After Further Review: Closer look at fatigue, RC picks


Billy Horschel won the BMW after getting passed over for a U.S. Ryder Cup captain's pick earlier this week. (Getty)

Each week, takes a look back at the week in golf. In this edition of After Further Review, our writers weigh in on the timing of Ryder Cup captain's picks in the wake of Billy Horschel's two-stroke win at the BMW Championship and the fatigue that comes with playing in four straight weeks of FedEx Cup playoffs.

Four consecutive weeks of playoff golf, particularly postseason play that is just two week’s removed from a World Golf Championship and a major, is too much. First Sergio Garcia, Graeme McDowell and Justin Rose who bypassed the second postseason stop at TPC Boston for various reasons, then Phil Mickelson opted for rest over a late-season attempt to qualify for the Tour Championship on Saturday at the BMW Championship. Although the traditional post-Deutsche Bank Championship “off” week returns next year, that doesn’t change the growing perception among players that four consecutive weeks, or even four of five weeks, is not conducive to good golf. – Rex Hoggard

There is a major procedural problem with the timing of the Ryder Cup captain's picks.

While I understand the rationale behind the PGA Championship as the automatic qualifier list cutoff point (offering an additional plotline to the PGA of America's other crown jewel), there's no rhyme or reason to picks being announced after just two FedEx Cup events.

This might sound like Monday morning quarterbacking, but on a week where Billy Horschel won and players like Ryan Palmer, Morgan Hoffmann and Brooks Koepka contended for titles, it only exacerbated Tom Watson's claim that he wanted hot hands on his roster.

How should it be fixed? Two suggestions: Either move back the captain's picks to after the Tour Championship or release one name each week for three weeks in a row – a move which would certainly maximize fan interest and heighten the impending drama.  Jason Sobel

FedEx Cup fatigue has set in. Rory McIlroy four-putted two days in a row. Sergio Garcia bladed a chip into a pond. Ryan Palmer shanked a wedge into a hazard. Hey, at least they were still in Denver on Sunday – Phil Mickelson bailed after two rounds. Multimillionaires won’t get much sympathy for being forced to play four events in a row with tens of millions of dollars at stake, but it’s clear that the quality of play in these playoffs has been sacrificed with the nonstop schedule. When trying to handicap the field for this week’s Tour Championship, don’t just consider who is playing well or has a strong history at East Lake. Also ask: At this point, who still cares? – Ryan Lavner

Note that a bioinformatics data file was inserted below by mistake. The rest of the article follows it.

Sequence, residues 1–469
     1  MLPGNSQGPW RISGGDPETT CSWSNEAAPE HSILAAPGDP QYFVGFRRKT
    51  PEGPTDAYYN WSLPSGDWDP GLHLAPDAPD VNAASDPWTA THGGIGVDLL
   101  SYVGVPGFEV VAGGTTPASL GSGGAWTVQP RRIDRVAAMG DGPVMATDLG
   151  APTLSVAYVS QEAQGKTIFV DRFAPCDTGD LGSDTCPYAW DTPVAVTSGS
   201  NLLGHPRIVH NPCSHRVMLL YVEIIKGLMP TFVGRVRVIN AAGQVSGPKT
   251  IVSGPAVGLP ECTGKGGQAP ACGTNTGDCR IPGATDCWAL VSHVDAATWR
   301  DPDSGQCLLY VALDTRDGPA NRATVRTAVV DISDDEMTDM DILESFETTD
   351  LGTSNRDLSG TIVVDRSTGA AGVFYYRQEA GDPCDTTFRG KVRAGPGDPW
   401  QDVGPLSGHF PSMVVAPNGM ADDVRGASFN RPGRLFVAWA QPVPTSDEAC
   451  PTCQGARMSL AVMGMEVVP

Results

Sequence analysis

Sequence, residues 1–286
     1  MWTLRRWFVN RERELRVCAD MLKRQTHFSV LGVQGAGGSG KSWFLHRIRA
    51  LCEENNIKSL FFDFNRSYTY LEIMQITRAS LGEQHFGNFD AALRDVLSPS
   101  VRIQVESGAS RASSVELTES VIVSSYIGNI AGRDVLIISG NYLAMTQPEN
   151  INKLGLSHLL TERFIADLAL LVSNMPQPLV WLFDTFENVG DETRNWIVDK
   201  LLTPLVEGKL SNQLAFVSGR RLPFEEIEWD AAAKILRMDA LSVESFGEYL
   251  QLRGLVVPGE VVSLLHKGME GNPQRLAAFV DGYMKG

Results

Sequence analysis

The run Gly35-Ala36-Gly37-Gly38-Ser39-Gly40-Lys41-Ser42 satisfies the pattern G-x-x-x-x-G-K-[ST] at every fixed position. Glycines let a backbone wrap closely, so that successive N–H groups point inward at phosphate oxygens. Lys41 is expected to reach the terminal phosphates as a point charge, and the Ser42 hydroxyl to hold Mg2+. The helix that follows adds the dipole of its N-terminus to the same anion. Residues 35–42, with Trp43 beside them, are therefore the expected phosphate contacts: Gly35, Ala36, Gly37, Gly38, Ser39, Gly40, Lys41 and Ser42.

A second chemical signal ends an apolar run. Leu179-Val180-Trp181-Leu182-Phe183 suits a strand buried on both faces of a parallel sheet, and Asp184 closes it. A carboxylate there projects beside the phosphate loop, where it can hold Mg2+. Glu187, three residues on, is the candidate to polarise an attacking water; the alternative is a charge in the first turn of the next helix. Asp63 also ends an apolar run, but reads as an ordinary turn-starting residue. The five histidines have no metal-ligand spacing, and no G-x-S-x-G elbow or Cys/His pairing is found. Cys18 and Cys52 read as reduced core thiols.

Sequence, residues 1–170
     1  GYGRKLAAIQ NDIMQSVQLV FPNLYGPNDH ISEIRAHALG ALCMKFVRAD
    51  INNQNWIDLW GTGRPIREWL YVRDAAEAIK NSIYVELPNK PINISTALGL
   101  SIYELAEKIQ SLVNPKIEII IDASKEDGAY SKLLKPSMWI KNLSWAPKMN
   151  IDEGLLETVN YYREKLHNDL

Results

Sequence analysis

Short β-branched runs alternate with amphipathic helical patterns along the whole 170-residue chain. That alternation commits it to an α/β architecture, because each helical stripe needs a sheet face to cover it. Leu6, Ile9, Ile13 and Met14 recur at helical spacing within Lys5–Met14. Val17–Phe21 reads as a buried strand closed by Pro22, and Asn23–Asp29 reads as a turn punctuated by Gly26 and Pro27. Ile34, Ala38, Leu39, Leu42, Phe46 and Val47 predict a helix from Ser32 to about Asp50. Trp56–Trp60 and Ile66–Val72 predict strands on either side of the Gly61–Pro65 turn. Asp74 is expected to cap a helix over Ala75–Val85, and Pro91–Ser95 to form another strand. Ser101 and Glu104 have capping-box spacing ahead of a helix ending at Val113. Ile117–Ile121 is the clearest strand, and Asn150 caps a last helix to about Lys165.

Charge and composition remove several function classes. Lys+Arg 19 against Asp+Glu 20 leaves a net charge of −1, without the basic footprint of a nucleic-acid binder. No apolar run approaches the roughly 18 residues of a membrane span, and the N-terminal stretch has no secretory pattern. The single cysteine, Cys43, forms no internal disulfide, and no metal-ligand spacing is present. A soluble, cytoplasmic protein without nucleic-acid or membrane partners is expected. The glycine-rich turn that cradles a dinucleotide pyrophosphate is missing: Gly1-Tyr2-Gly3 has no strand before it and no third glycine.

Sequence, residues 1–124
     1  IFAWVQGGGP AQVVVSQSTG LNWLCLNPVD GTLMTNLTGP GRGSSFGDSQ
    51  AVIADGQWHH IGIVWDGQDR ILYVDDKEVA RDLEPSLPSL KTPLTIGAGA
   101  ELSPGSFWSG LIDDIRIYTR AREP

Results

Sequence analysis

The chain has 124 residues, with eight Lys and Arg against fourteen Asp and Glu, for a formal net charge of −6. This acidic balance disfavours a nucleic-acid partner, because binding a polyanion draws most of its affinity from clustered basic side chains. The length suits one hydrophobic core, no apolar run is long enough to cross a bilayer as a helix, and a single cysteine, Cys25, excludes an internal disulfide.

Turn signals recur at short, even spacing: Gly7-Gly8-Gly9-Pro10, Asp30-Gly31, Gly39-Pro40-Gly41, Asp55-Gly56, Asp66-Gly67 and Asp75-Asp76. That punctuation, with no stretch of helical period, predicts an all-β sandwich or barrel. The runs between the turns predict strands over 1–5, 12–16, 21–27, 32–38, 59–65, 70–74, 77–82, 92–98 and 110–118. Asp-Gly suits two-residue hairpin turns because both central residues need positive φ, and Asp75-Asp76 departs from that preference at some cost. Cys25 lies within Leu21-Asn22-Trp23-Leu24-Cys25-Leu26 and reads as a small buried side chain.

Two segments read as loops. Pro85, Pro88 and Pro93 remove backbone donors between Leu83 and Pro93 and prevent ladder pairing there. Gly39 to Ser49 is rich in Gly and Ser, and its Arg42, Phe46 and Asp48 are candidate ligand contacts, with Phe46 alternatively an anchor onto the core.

We’re seeing evidence of something akin to postseason traumatic stress disorder in these FedEx Cup playoffs. Phil Mickelson talked a couple weeks ago about keeping his “sanity” in his long, frustrating season, and then he withdrew this week from the BMW Championship, citing the need to get himself ready for the Ryder Cup. He looked like he was out of gas. There was a heated exchange between Adam Scott and his caddie, Steve Williams, in full view of media behind the clubhouse after Saturday’s round. We can’t be sure that the fatigue of a hard late-season push had anything to do with that, but we wouldn’t be surprised. We heard Martin Kaymer talk this week about how all the time he’s spending in hotel rooms in his long run takes a toll. And we heard Sergio Garcia explain Sunday that he might have avoided the triple-bogey 8 he made late in the round if he were more rested and mentally sharp. I imagine golf fans aren’t getting tired of seeing the best players going this hard at each other, but I suspect they're going to get real tired hearing these players talk about how tired they are becoming in pursuit of a $10 million jackpot. - Randall Mell